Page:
Okay, so moving on to Community Endangerment. Certainly, I can’t really mean that? Oh, but I do. And we have a tragic example to point to, the devastating Camp Fire which happened in 2018. The same type of logging as is proposed in this Act was done in the area between where the Camp Fire originated and the town of Paradise, and none of it slowed or stopped the fire – even though the logging done on federal lands was sold to residents as a way to “reduce fuels” and “protect” the community from fire. You have to understand these are just words that logging proponents use in order to cut trees down and sell them, nothing more and nothing less. Even though the title of this act includes the words “Public Safety”, as discussed at the beginning of this article, there is only one provision which even acknowledges that fire-proofing homes can protect them and all it does is add “heat or fire-resistant materials” to the long list of definitions in a weatherization grant program. So how does this Act endanger communities? By telling people that logging in the forest will save them, which it will not. It fails to dedicate even a single dollar toward proven community protection actions like the creation and maintenance of defensible space within 100 feet of structures or fire-proofing homes. But worse yet, it takes money that should be used to actually create fire-resilient communities and puts it into logging activities which actually increase the intensity and spread of fire! Trees and shrubs bring moisture to the forest and act as wind buffers. When they are removed, the forest becomes hotter and drier and winds blow through mostly unimpeded. Logging also brings in invasive species, such as cheatgrass, which is much easier to ignite than native vegetation, making a fire start more likely and creating conditions where, once a fire starts, it will swiftly move through the logged area. This is a recipe for disaster, not public safety.
Moving on to how this Act will exacerbate climate change. This Act specifically seeks to increase the pace and scale of logging on public lands in this country. This means that the pace and scale of carbon emissions from logging will also increase, while simultaneously the ability of our forest ecosystems to store and sequester carbon will decrease. The math here is pretty simple, more CO2 into the atmosphere coupled with less CO2 being removed from the atmosphere means we get farther and farther away from mitigating climate change. To make matters worse in relation to climate, this Act also is pushing and funding (to the tune of $100,000,000) an increase in burning trees and vegetation from our forests to create energy. This is called biomass energy and it burns even dirtier than coal with more carbon emissions as well as noxious air pollution, once again dragging us farther away from getting a handle on the climate crisis. To add insult to injury this Act seeks to put these dirty energy facilities in low-income areas further contributing to the climate, racial, and environmental injustices that our country is plagued with.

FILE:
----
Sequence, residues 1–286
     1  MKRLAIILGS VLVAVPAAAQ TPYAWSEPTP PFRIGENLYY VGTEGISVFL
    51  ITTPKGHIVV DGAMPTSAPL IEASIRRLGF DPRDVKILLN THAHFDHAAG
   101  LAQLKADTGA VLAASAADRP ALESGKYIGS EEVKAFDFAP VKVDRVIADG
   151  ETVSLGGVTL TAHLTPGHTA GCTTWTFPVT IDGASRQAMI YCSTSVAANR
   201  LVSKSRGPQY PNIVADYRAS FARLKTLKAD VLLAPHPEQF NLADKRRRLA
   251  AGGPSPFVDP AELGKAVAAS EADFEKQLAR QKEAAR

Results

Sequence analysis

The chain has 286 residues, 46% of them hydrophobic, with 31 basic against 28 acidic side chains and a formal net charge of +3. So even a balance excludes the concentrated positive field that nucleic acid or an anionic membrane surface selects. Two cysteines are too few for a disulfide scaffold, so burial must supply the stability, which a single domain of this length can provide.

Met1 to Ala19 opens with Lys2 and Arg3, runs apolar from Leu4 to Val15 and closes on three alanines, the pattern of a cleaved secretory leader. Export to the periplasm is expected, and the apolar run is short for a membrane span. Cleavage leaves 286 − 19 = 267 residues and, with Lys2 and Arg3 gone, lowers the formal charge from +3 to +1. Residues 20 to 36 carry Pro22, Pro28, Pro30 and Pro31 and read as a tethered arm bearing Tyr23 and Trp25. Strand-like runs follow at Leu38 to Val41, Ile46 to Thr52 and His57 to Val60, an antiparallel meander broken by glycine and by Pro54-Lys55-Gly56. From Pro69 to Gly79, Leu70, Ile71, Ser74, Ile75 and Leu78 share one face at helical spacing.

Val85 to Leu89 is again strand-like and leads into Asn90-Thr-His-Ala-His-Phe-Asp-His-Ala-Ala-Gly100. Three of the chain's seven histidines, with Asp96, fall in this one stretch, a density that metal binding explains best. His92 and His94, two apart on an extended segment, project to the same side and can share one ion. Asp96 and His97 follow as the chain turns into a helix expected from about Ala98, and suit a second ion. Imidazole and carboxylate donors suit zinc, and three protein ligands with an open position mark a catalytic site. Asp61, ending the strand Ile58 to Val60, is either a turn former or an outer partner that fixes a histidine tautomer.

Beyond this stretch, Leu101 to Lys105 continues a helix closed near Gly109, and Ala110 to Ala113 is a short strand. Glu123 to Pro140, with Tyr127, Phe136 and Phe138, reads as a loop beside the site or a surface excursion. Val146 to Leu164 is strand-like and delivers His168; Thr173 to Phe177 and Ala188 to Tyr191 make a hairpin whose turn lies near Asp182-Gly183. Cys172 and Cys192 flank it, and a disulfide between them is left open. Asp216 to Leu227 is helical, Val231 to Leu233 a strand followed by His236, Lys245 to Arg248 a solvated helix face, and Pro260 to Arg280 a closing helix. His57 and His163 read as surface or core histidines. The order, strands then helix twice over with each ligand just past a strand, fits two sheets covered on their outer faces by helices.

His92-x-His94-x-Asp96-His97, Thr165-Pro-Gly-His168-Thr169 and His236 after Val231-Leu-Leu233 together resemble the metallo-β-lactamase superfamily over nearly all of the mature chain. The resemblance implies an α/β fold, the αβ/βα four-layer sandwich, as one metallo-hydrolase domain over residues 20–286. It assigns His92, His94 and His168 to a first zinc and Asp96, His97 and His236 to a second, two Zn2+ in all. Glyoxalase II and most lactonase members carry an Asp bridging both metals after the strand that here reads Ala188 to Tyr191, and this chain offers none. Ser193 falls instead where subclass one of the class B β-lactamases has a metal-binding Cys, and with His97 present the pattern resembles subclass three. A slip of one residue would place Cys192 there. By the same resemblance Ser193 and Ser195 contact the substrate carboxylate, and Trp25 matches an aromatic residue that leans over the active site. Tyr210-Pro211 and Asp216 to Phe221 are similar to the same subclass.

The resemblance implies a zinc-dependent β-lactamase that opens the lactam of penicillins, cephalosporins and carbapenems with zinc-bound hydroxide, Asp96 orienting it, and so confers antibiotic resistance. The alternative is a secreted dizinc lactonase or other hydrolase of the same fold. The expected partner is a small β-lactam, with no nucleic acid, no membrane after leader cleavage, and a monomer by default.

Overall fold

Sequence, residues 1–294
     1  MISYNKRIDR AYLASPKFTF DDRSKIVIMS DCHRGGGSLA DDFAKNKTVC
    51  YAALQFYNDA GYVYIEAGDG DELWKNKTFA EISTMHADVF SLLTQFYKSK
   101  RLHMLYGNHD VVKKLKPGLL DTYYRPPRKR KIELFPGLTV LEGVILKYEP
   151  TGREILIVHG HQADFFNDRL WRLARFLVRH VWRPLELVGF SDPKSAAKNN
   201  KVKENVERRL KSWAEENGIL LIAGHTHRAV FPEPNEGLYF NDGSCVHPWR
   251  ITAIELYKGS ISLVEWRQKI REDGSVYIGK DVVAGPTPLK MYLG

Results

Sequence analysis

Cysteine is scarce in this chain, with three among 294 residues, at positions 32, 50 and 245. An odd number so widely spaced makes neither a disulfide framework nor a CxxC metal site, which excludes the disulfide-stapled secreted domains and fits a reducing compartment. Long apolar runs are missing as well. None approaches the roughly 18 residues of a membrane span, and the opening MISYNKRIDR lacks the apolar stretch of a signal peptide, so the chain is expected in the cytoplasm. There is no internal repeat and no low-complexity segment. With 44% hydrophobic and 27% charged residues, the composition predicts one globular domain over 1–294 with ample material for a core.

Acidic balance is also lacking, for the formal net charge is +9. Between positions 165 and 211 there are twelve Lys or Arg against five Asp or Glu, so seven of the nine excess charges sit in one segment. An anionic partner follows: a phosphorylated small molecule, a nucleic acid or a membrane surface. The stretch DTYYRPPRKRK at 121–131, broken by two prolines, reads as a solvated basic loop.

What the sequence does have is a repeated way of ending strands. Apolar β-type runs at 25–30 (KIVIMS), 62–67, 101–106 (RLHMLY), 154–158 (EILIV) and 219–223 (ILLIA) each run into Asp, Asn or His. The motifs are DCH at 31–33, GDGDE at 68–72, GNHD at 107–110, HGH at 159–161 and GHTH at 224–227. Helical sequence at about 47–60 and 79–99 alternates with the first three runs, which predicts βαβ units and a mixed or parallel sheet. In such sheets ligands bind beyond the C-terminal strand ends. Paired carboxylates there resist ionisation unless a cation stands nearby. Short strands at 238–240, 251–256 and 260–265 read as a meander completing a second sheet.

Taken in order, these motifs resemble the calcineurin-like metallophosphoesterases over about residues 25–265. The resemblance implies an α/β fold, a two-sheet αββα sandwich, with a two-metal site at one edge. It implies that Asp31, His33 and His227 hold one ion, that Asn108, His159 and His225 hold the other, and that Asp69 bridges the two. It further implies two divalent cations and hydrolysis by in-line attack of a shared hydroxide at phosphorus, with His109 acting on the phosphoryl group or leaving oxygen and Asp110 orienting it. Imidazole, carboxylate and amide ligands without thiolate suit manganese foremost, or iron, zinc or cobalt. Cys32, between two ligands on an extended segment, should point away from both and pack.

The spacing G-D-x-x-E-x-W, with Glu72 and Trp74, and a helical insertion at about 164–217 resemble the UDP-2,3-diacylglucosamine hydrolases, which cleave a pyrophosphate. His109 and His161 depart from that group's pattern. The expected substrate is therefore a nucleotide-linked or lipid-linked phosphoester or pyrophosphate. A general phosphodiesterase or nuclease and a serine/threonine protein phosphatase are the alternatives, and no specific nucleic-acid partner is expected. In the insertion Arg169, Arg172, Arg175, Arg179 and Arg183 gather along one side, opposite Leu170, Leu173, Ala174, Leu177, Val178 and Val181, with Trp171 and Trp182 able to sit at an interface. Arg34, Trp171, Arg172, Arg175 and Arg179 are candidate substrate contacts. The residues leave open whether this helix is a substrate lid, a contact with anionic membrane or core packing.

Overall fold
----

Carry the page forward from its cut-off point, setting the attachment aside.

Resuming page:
It is not an overstatement to say that the “Emergency Wildfire and Public Safety Act of 2020” is a disaster, not only for forests but for communities which might be impacted by fire as well as communities fighting for environmental and social justice, and really for every single one of us who wants to reside on a livable planet.